"Martín and Lorenzo (2001) consider it a scarce and irregular passage migrant and winter visitor. However, only on Lanzarote is this species recorded regularly, and it is certainly a vagrant to other islands on which it has been recorded. Records from La Graciosa, Lanzarote, Fuerteventura, Gran Canaria and Tenerife."

Glossy Ibis (Plegadis falcinellus)

martes, 7 de septiembre de 2010

Early September 2010

Curlew Sandpiper (Calidris ferruginea)

The post-breeding migration season is now underway, and my first visit to the Fuencaliente saltpans on Sept. 4th revealed small numbers of common waders typical for the site: 2 Curlew Sandpipers (Calidris ferruginea), 2 Little Stints (Calidris minuta), 1 Sanderling (Calidris alba) and 1 Ringed Plover (Charadrius hiaticula).

There were also about 10 Turnstones (Arenaria interpres), a species found all year round.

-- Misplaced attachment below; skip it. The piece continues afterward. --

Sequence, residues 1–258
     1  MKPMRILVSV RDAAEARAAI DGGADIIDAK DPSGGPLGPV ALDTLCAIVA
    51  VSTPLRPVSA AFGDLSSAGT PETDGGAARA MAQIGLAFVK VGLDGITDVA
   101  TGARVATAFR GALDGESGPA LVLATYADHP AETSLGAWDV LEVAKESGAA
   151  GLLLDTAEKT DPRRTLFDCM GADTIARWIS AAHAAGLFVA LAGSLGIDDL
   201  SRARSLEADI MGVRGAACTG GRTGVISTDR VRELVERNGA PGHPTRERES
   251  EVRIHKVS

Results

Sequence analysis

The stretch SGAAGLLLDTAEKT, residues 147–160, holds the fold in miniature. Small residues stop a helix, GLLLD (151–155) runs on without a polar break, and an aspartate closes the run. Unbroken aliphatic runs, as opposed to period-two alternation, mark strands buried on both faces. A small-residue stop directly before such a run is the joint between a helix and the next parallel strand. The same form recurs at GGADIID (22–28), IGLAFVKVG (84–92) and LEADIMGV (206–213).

By Sept. 7th, water-levels had changed in the basins and only the Turnstones and Plover were still present.
Little Stint (Calidris minuta)

Ringed Plover (Charadrius hiaticula)

At the seawater pools near the airport, there were 2 juvenile Ringed Plovers (Charadrius hiaticula), one of which is shown above, 1 Grey Plover (Pluvialis squatarola), 1 Whimbrel (Numenius phaeopus ) and 1 immature Dunlin (Calidris alpina), together with about 25 Turnstones (Arenaria interpres).

Again, the typical species array present throughout the autumn-spring period.

In the irrigation basins in and around Las Martelas, there are already small contingents of Common Sandpiper (Actitis hypoleucos), Green Sandpiper (Tringa ochropus) and Greenshank (Tringa nebularia).

Coots (Fulica atra) should start arriving this month and, hopefully, an occasional rarity...

For descriptions of the above-mentioned birding locations, return to the Nov 2nd 2009 post entitled "Observing Sites" by clicking on "entradas antiguas" below.

domingo, 5 de septiembre de 2010

Recent Developments at the Fuencaliente Saltpans